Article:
We can tell right away that the Average Engagement Time in the Pages and Screens report is not reporting averaging per View.

We should probably stop here and point out that pulling your Engagement Time into a spreadsheet or similar tool and dividing it by Views is the only way to get a number equivalent to Average Time on Page in UA. That metric simply doesn’t exist inside GA4 (for the time being, anyway).

If we compare the Average Engagement time in the Standard Report to what we have in the Average per User column of our spreadsheet, we see that they line up. So Average Engagement Time in the Standard Reports is more accurately Average Engagement Time per User.

What Am I Supposed to Do with Average Engagement Time per User?

While many of us are probably disappointed that we still don’t have Average Time on Page in GA4, Average Engagement Time per User is still a valuable metric. Taken on its own, it’s probably a clearer sign of Engagement than Average Engagement Time per View. Looking at the total time a user spent on a page over (possibly over multiple pageviews) represents Engagement well in a single number.

When looking at Time on Page per View, you always have to account for the number of Views the page got. A page with high Average Time on Page may appear to have a lot of engagement compared to a page with a lower time, but how many times a user looked at a page is a key factor. As an example, that super long blog post a few people read might have great Time on Page, but maybe people actually spend more time in total on a summary post with lots of links that they return to several times.

If you want to know how people interact with a page in a single View, Average Engagement Time per User isn’t that helpful, and you’ll need to extract and manipulate your data as we showed above. As an overall indicator of what is getting engagement and what isn’t, though, it has its place.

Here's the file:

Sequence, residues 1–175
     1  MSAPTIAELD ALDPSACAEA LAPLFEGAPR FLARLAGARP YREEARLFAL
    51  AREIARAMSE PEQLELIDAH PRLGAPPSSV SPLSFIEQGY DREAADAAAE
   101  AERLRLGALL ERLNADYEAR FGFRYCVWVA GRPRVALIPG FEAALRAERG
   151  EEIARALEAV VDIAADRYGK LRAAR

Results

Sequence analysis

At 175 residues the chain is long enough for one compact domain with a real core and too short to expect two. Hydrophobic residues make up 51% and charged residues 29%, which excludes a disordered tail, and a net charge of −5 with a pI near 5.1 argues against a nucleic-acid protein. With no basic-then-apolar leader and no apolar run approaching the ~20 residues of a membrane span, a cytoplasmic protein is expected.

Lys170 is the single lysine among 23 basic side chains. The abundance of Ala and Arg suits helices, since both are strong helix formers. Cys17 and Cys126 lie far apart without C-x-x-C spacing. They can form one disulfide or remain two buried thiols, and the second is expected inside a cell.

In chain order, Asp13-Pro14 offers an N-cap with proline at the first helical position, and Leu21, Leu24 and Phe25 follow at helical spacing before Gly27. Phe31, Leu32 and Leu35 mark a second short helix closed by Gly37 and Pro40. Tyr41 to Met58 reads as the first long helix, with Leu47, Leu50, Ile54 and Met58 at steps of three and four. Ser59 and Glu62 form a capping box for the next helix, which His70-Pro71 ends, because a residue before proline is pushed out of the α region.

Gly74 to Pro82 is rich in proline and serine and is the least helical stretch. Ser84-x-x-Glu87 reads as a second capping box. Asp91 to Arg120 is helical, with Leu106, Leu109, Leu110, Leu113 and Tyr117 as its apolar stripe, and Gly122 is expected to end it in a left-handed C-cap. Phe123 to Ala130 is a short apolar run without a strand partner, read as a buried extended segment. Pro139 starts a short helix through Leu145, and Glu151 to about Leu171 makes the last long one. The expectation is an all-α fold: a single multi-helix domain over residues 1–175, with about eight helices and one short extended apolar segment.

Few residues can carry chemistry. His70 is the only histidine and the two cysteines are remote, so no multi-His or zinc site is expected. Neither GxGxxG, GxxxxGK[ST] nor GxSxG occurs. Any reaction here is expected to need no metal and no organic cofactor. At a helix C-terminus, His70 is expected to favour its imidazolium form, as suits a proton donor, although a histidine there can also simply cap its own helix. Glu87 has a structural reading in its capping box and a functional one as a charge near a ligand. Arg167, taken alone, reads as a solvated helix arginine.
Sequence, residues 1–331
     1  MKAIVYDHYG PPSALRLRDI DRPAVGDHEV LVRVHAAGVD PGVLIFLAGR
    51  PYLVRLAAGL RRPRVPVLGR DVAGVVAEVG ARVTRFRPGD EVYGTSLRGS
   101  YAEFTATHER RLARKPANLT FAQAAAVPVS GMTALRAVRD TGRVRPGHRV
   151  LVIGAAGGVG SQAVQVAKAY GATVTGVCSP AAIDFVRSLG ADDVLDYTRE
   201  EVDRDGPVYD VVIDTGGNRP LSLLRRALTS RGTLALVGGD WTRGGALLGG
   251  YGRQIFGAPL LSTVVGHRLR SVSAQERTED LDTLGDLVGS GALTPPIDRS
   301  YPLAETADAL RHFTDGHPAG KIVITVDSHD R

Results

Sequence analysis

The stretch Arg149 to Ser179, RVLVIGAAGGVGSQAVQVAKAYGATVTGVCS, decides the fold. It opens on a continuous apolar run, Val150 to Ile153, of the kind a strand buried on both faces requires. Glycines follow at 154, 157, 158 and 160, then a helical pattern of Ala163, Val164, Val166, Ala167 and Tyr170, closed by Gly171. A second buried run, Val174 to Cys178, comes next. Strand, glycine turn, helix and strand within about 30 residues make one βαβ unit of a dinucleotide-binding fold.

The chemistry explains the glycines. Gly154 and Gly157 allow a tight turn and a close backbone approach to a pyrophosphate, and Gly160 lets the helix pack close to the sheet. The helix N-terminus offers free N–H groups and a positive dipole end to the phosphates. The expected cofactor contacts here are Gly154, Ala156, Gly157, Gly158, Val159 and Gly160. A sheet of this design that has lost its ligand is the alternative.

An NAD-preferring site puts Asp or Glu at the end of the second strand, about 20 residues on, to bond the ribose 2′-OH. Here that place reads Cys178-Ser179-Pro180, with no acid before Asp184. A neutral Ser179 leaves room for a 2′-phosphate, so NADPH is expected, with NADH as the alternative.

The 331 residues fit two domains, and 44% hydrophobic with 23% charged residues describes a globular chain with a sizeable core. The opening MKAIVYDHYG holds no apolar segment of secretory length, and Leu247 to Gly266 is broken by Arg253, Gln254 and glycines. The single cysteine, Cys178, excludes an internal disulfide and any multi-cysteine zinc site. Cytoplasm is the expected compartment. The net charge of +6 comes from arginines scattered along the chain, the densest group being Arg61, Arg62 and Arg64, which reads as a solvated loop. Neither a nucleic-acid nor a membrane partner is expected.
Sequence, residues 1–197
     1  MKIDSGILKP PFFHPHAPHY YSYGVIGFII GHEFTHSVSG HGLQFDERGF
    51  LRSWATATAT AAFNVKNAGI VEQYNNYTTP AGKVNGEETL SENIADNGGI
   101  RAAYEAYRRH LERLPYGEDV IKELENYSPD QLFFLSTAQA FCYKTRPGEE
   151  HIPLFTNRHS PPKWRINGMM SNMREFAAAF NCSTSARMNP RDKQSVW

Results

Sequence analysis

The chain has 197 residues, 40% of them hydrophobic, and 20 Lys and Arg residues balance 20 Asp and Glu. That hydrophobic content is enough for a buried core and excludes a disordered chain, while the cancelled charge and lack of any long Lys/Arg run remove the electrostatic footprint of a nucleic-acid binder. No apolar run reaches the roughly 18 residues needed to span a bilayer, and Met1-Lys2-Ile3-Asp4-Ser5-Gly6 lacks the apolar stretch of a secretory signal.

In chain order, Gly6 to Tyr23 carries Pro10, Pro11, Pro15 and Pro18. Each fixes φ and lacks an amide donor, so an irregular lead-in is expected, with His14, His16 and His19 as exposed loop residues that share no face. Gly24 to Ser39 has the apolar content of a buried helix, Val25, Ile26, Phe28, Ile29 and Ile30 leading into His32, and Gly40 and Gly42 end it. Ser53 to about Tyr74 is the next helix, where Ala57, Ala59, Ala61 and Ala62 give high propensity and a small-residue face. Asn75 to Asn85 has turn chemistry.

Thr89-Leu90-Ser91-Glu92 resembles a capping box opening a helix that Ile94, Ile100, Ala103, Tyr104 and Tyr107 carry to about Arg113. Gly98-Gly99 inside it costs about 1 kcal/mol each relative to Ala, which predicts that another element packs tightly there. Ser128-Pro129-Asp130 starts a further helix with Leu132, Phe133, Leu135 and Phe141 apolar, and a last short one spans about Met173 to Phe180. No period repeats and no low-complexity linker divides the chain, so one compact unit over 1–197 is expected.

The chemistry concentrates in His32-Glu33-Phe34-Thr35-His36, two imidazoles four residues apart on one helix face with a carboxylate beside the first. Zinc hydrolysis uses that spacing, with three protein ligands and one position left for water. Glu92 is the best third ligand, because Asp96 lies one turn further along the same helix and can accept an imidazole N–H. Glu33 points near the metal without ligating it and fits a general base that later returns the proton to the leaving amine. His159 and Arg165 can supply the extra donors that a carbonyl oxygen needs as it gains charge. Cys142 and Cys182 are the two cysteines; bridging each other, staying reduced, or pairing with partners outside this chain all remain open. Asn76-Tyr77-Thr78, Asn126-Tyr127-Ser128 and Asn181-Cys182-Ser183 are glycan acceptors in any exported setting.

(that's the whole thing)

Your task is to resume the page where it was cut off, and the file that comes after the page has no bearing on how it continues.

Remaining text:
Now that you know all about it, you can start using Engagement Time and its various averages in your reporting and analysis. Let us know how it’s going in the comments. If you are stuck or have a question, maybe we can help!

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Got questions? Drop us a comment below, or describe your biggest challenge or frustration.

If you’re just getting started with GA4, check out our free 1-hour Migration Kick Start Masterclass.

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Other posts in our 12 Days of Google Analytics 4 series:

  1. GA4 “Configure” is Moving to Admin
  2. How to Set Up Cross-Domain Tracking in Google Analytics 4
  3. Get Your Hands on Real GA4 Data Today with the Google Analytics 4 Demo Account
  4. What is Engagement Time in GA4?
  5. Why your GA4 Looker Studio Report is Broken
  6. Did your Looker Studio GA4 Numbers Increase After Applying Filters?
  7. How is Engagement Time Reported in GA4?
  8. How Ecommerce Tracking in GA4 is Different from UA
  9. How to Create and Modify Events in GA4
  10. When to Use GA4 Rollups & Subproperties
  11. What in GA4 replaces Universal Analytics’ Views? Hint: It’s NOT GA4 Data Streams
  12. Why am I seeing blank rows or (not set) in my GA4 Landing Page Report?
By |2023-01-25T16:30:22-05:00December 9th, 2022|0 Comments
Categories: Google Analytics